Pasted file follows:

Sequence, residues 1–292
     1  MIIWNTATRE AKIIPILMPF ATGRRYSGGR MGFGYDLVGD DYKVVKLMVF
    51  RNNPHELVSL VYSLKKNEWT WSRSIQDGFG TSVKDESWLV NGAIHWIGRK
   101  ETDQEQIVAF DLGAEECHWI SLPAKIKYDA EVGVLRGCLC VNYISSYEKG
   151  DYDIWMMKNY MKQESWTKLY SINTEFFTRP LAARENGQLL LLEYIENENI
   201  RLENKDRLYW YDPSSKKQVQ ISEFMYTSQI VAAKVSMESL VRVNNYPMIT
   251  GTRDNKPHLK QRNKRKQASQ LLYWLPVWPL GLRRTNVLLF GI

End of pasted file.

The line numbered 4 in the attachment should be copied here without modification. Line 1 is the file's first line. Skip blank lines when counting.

   101  ETDQEQIVAF DLGAEECHWI SLPAKIKYDA EVGVLRGCLC VNYISSYEKG